In my previous Holiday To The Motherland post I mentioned that when we first found out that we’d be going to England, I made a mental note in my head of all the places I wanted to take Sebastian to…Roseberry Topping was also on that list.
This iconic, strangely shaped hill (though as a child I always, with great pride, called it a mountain…) can almost be seen from my parent’s home. We used to drive past it every day for several years, and I would press my nose against the car window, achingly hungry for the view, desperately eager for the adventure of the climb.
When I did eventually climb it, it shook up my soul. I wanted to go higher, higher, higher. Little did I know then that explorer Captain James Cook used to climb Roseberry when he wasn’t working on his parent’s farm, and it was during these climbs that he came to the realization that exploration was to be his life’s work.
Roseberry has many different names, but the one my heart has always liked best is Odin’s Hill. Roseberry was sacred to the Norse settlers, and, in theory, where they worshiped the one eyed god. The Viking connection had always been of great significance to me, and to take my own Nord to the peak would be, I imagined, almost like closing a circle.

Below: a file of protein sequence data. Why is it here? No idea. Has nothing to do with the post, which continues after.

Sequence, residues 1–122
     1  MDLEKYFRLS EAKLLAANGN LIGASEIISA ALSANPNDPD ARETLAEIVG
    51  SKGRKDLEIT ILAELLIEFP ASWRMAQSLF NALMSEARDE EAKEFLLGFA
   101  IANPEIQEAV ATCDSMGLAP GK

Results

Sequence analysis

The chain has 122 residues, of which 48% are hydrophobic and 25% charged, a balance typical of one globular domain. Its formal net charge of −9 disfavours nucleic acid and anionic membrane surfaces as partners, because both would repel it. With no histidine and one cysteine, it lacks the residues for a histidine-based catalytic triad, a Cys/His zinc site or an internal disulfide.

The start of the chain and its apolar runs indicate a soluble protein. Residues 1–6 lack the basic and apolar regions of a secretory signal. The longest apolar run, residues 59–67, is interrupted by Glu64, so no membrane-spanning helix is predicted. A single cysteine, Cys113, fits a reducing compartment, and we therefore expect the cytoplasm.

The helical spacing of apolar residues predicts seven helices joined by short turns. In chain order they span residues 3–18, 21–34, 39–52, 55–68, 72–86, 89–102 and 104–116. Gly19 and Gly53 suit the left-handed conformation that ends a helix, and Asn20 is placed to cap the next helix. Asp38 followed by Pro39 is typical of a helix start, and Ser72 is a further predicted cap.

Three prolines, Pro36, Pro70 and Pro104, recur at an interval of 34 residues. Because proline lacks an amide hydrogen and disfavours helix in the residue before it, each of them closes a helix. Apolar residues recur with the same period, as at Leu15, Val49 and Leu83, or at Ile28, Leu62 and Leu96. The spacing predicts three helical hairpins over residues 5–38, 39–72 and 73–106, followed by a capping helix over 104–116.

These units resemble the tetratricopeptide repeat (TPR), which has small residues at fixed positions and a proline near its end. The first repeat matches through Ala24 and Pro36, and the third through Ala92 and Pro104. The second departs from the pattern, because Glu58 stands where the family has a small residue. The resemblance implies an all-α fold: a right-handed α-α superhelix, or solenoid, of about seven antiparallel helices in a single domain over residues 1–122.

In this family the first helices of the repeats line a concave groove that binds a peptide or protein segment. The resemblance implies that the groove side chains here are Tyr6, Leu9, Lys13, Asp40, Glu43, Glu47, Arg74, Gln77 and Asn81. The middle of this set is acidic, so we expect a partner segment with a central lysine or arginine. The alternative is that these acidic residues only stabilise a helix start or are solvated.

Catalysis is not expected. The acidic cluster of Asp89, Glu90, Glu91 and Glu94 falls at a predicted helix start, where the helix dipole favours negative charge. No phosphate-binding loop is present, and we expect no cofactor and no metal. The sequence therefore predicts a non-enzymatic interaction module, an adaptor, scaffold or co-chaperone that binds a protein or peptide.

And it was. I was glowing as we hiked. Everything felt as it should as our breathing became more laboured, and we needed to look more carefully at where we were placing our feet. Despite having made many ascents to the peak, the view is always something which chokes me up.
From the top, we slowly turned clockwise to take everything in. From one view point we could see the vast industrial landscape of Teesside. From another just rolling moors for mile after mile. From another laid forests, fields and the blue swell of the North Sea. As we sat at the peak, squinting into the sun and eating hunks of stollen, I felt beautifully complete. Roseberry does that to you.